Article | Category: Glossary Terms

Healing energy believed to be generated by quartz and other minerals. Crystals are known to have electromagnetic energy, as does the human body. When a natural quartz crystal is brought into contact with a person's etheric body, the electromagnetic attraction is capable of drawing imbalanced energy out of the human body.

 

BACKGROUND

 

Other Names:

Crystal Therapy

 

Description of Offering

By placing crystals on or around the body, they will release positive energy into the body while absorbing and taking out the negative.

 

This offering has its roots in ancient practices.

 

Origin of Offering

Ancient Egypt (4-5000+ years ago),

 

Creator of Offering (Nationality)

Ancient Sumerians

 

Brief History of the Offering

The first historical references come from the Ancient Sumerians who used crystals for health and protection. Later in history, stones were also found being used in Greece and China for safety and good fortune.

 

Fun Fact

Greek soldiers would rub hematite, an iron ore, over their bodies before battle, to make themselves invulnerable.

 

BENEFITS

 

Primary Benefit Received:

Energy Alignment

 

Other Benefits

Heal or prevent illness.

 

Comment about Research Selection

There is no current research on the benefits of crystal healing.

 

DETAILS

 

Typical Length of Offering

45 - 60 minutes

 

The offering is most often provided one guest at a time.

 

Offering is primarily suited for:

Day Spa (wellness focus), Destination Spa, Medical Clinic/Spa,

 

How many treatment providers are needed to produce the offering?

One.

 

Common License/Certification or Training necessary to provide the offering:

No license/certification/training necessary. Optional crystal healing certification available.

 

Comments about Offering Protocol

When receiving Crystal Healing Therapy, you will be asked what aspect of your life or health condition you want to improve and the healer will have you lie down and will place the crystals in the appropriate places around the body. Some place the crystals on the seven chakras of the body.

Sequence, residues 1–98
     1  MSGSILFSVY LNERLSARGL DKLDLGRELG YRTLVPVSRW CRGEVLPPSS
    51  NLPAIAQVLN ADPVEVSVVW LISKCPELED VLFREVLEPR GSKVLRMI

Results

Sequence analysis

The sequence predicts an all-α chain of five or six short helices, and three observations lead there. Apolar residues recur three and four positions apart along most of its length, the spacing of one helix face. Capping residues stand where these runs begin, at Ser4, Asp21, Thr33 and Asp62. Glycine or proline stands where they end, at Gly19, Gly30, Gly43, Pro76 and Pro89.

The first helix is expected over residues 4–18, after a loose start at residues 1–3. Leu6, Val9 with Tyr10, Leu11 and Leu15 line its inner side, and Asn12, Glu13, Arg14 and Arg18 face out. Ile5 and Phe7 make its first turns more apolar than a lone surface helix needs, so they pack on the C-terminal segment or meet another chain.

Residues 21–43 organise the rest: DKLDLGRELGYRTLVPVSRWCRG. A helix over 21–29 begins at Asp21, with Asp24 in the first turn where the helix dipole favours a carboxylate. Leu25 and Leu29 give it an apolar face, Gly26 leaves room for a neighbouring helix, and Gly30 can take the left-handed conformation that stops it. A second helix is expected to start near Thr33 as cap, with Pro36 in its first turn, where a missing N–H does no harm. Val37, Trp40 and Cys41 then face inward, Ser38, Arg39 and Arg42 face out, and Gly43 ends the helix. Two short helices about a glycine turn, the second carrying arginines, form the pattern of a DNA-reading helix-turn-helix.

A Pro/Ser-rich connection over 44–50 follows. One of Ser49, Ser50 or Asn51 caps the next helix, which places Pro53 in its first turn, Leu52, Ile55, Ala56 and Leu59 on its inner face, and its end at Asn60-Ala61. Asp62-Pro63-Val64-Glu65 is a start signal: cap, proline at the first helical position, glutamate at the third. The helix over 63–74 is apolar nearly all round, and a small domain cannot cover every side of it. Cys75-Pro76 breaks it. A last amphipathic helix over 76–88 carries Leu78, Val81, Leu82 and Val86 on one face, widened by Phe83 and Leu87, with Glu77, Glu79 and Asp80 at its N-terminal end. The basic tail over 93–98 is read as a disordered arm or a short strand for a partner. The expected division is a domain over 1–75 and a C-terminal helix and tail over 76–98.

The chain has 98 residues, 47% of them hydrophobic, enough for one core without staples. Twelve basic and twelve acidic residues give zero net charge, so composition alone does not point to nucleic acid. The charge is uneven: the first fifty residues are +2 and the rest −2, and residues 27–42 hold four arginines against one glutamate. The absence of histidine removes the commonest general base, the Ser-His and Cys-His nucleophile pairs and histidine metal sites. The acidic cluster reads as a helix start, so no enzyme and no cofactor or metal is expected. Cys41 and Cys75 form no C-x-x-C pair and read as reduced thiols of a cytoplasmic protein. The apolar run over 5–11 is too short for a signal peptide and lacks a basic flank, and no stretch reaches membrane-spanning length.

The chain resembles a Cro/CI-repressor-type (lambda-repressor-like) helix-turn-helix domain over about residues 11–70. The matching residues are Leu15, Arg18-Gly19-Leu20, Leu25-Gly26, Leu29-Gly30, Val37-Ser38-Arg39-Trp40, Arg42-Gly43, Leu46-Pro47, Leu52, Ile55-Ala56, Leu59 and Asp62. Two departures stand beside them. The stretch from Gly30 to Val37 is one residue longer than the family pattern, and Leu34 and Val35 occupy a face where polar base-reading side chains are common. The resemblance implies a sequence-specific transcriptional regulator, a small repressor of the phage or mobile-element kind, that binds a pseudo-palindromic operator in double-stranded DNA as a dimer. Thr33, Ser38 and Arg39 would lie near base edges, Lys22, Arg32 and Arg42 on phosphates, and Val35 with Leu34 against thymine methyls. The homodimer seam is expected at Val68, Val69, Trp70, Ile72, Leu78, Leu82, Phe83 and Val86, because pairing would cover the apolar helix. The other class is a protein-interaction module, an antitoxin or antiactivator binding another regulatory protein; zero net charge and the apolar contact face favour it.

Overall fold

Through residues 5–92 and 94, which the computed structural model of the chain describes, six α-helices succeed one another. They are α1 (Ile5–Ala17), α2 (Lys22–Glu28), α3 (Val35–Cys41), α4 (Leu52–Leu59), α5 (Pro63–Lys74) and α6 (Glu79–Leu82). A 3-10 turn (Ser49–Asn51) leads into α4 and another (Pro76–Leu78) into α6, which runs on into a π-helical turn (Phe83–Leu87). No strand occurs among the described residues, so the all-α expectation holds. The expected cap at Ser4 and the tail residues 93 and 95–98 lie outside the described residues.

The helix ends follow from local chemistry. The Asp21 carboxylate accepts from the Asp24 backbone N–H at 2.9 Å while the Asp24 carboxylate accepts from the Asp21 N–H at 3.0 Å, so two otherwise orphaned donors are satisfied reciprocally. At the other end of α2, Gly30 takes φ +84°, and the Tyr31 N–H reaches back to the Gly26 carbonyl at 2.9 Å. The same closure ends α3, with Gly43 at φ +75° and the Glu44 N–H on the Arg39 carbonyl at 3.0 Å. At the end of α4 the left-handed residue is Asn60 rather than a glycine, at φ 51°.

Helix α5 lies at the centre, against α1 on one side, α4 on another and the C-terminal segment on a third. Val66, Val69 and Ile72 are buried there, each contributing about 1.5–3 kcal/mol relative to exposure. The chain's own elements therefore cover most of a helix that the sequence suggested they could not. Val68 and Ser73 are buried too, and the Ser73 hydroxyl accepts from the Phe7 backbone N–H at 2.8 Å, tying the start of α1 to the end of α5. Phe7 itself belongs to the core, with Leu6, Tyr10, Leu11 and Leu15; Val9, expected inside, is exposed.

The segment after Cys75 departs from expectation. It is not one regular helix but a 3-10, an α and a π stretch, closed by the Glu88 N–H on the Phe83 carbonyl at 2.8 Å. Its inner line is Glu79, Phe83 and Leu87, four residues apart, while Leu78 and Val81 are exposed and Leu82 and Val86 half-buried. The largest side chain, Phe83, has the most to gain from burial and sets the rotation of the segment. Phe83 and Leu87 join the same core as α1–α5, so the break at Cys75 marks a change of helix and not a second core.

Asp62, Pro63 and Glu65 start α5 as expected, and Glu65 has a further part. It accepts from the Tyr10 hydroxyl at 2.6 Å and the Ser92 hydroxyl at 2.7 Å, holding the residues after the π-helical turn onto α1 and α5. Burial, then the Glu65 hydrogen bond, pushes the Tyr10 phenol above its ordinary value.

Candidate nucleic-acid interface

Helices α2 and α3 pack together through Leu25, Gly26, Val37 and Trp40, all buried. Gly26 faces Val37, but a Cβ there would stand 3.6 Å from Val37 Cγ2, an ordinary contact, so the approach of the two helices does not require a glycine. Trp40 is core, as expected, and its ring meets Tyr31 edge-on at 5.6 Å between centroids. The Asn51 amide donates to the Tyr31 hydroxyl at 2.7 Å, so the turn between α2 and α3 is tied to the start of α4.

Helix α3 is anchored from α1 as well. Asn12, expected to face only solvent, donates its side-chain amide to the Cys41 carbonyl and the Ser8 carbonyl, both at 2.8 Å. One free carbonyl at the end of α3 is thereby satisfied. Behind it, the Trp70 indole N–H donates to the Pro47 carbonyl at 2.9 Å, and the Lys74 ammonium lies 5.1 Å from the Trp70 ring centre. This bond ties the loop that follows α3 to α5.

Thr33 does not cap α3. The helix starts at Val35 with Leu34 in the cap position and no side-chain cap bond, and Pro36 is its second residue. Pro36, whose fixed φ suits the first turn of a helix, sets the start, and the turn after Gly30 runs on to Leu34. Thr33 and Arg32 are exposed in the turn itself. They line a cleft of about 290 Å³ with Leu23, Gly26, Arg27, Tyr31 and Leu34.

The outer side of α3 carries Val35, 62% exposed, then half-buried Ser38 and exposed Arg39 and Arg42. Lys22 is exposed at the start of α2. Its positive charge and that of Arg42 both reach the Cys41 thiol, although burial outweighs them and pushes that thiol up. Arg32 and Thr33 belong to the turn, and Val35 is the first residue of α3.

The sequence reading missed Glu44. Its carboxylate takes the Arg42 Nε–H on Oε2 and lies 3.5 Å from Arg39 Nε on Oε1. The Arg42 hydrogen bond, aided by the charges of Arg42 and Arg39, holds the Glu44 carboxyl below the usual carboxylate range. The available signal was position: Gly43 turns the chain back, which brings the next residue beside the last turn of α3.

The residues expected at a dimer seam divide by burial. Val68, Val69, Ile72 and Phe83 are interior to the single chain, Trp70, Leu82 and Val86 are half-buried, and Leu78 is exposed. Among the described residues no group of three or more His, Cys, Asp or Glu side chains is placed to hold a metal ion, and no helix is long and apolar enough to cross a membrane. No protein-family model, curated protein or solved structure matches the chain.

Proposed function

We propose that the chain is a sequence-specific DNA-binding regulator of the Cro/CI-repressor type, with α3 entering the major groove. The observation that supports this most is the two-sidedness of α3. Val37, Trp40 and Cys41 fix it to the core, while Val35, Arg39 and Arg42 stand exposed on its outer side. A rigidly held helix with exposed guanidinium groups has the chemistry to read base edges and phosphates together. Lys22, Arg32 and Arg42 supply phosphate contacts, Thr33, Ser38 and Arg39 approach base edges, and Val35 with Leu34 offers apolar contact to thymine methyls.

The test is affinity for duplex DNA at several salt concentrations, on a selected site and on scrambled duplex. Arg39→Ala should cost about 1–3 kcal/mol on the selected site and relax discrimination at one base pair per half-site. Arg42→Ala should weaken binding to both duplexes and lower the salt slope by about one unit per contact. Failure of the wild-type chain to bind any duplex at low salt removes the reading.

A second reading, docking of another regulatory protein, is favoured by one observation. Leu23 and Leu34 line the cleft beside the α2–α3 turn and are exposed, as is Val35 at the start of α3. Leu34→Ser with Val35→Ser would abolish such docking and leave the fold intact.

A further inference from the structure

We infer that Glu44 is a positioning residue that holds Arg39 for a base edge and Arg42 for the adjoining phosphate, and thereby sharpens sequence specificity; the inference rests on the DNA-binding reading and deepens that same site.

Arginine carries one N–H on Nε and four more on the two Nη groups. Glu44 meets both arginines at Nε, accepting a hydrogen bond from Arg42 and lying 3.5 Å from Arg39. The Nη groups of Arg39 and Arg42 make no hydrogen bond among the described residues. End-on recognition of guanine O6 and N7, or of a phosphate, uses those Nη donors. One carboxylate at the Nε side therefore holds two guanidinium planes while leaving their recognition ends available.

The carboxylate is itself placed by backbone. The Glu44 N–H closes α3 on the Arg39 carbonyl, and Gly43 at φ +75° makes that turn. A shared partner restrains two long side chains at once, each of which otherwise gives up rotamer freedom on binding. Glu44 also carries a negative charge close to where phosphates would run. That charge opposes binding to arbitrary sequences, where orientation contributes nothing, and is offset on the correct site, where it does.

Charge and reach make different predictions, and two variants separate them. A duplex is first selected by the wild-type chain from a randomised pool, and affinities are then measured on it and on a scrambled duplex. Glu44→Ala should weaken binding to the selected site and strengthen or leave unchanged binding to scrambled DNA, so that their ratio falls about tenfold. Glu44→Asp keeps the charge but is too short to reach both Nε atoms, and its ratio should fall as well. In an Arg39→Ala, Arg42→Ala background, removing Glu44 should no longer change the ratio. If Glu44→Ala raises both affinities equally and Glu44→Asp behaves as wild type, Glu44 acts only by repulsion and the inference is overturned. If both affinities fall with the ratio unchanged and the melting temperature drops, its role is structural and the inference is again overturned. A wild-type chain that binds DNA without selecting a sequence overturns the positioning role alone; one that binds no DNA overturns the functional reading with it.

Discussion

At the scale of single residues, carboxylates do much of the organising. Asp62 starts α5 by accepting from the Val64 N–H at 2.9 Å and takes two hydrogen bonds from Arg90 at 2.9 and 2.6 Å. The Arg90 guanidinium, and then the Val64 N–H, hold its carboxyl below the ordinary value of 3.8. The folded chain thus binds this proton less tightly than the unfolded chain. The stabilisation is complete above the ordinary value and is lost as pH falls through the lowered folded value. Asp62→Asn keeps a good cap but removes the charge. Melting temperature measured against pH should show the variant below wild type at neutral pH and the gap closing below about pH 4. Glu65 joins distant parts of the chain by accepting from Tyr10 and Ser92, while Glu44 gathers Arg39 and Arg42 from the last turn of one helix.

Type of space/facility most often used for the offering:

One-on-One Consultation Area

 

Type of space/facility that can be use for the offering:

Private Dry Treatment Room

 

How many towels are used?

N/A

 

Does the guest generally use a robe and/or a wrap for the offering?

No.

 

How many sheets are used?

N/A

 

Does the offering require the use of products (i.e. lotions, lacquers, scrubs, cleansers, etc.)?

Yes.

 

How many different products are used?

2

 

Approximate product cost per treatment:

$2 USD

 

Products used:

Optional aromatherapy essential oils and lotion/oils.

 

Does the offering require the use of disposable supplies (i.e. cotton squares, balls and swabs, lancets, etc.)?

No.

 

Equipment and supplies needed to provide the offering:

Raised massage-style table, crystals,

 

Beyond labor, linens, disposable supplies and products, please list any other direct costs associated with the offering?

N/A

 

Including only the following items (products, disposable items, linen laundry, and other direct costs---not labor), what is the typical cost of the offering?

$2 - $5 USD

 

Comments about offering costs.

If lotions/oils are added, there are associated costs.

 

Typical single session price of the offering.

$50 - $100 USD

 

SOURCES

 

Publication used to prepare this submission.

A Brief History of Crystals and Healing

Janelle Scialla

Historical References (2017)

www.crystalage.com

 

Crystal Healing

Elizabeth Palermo

Stone-Cold Facts About Gemstone Treatments  (2015)

www.livescience.com

 

Vibrational Energy Healing With Crystals

How Does Crystal Healing Work? (2017)

www.rainbowsofhealing.com

 

How Crystals Work: The Science of Crystal Healing

Judy Hall

https://www.healyourlife.com/how-crystals-work-the-science-of-crystal-healing (2016)

 

Author Information

Laura Jones

Florida Gulf Coast University

 

Author Biography

Laura Jones is a student at Florida Gulf Coast University majoring in Resort and Hospitality Management.

 

Editor Information:

Mary Wisnom

Professor, School of Resort & Hospitality Management, Florida Gulf Coast University, USA